Last year around this same time I shared with you my thoughts on residents and families who complain.
I stand by what I wrote last year, and in 2020 I’ve come to appreciate in a new way the impact complaints have on all of us in long-term care.
The fatigue of the pandemic is doing tricky things to all of us. Once seemingly rational concerns can quickly become amplified in a way none of us expected. The holidays are certainly a time when emotions run high. 2020 adds so much more to that emotional energy because the unknowns are overwhelming.
Families are frustrated, confused and scared. None of us know the right answer or what someone really needs to do to stay happy and healthy. The quick answer is stay home and limit or stop social interaction. What cost will that have?
Residents and families who complain to us are looking for someone to blame. It’s much easier to point the finger and blame, than to look inward sometimes. The leadership lesson in this? Let them blame us. Better we take the brunt of the frustration. There is no sense in arguing with 2020’s amplified frustration. The only thing it would do is add to our personal frustration.
Instead listen, and listen intently. Try to identify what isn’t being said. I would guess that even those folks out there that will tell you the pandemic isn’t impacting them “much” are still struggling on some level.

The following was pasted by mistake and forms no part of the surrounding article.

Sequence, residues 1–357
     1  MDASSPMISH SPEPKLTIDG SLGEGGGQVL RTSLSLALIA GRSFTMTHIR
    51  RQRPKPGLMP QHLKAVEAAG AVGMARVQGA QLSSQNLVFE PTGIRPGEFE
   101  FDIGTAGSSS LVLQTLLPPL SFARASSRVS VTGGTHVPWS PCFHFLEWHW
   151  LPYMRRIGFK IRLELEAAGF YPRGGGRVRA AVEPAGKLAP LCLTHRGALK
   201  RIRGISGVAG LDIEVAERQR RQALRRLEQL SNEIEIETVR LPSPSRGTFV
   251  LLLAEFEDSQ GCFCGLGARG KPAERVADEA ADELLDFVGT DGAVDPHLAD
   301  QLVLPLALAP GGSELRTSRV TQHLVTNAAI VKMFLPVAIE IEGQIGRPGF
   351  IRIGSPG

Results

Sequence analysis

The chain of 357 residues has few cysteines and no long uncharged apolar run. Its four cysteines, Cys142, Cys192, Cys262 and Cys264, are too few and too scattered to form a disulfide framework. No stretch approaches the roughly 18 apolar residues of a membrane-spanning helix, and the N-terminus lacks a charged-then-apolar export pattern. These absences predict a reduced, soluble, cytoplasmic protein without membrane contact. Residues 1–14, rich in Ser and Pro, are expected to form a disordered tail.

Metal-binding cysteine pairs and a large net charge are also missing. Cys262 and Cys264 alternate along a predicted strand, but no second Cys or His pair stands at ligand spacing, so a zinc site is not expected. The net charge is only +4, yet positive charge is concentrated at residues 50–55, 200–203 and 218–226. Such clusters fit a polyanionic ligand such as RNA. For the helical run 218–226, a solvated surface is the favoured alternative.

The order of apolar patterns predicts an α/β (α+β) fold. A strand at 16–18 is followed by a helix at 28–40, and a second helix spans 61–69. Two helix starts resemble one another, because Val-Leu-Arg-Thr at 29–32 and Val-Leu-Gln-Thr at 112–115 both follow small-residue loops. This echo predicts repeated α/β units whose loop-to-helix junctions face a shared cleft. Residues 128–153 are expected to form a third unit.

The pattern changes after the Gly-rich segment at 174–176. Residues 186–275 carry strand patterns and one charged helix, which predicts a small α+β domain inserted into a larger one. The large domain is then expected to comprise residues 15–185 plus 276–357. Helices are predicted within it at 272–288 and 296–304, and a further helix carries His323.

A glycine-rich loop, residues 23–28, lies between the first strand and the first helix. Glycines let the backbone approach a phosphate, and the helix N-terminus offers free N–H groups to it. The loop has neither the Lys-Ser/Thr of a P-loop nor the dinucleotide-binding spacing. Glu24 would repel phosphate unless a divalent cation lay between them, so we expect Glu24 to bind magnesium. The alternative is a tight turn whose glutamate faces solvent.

Recently, I was reminded by a team member how important sharing is, even when there isn’t a complaint to be immediately addressed. A quick email or phone call can do wonders, especially when families can’t see with their own eyes how their loved ones are; a “Your mom had a good day” email can go a long way.
This isn’t life-changing advice. Frankly, like many of you, I’m finding it increasingly difficult to focus on looking ahead. The here and now is proving to be a huge challenge. Reactions to those who complain both inside and outside of our field … simply put, we are all losing patience. The best advice: Continue to rise above.
Offer the benefit of the doubt, even when you may be boiling on the inside. If anything, give this blog a once over before you make that call you’ve been putting off, and remember that everyone is dealing with the frustration of the pandemic the best way they can, and your conversation could be just the talk they didn’t even know they needed.
The ability to absorb the frustration of so many people is what makes us in long-term care special leaders. We are able to take it all in, turn it around and remain positive. There is no other option. Our residents, families and team members need that from us.
Julie Thorson was the 2018 recipient of the LeadingAge Dr. Herbert Shore Outstanding Mentor of the Year award. Thorson is currently a coach for the Leading Age’s Larry Minnix Leadership Academy. Her “Living Leadership” blog was named the 2016 “Best New Department” Bronze Award winner by the American Society of Health Publication Editors. The president and CEO of Friendship Haven, a life plan community in Fort Dodge, IA, Thorson is a coach’s daughter at heart. A former part-time nursing home social worker, she is a licensed nursing home administrator and completed Leading Age’s Leadership Educator Program last summer.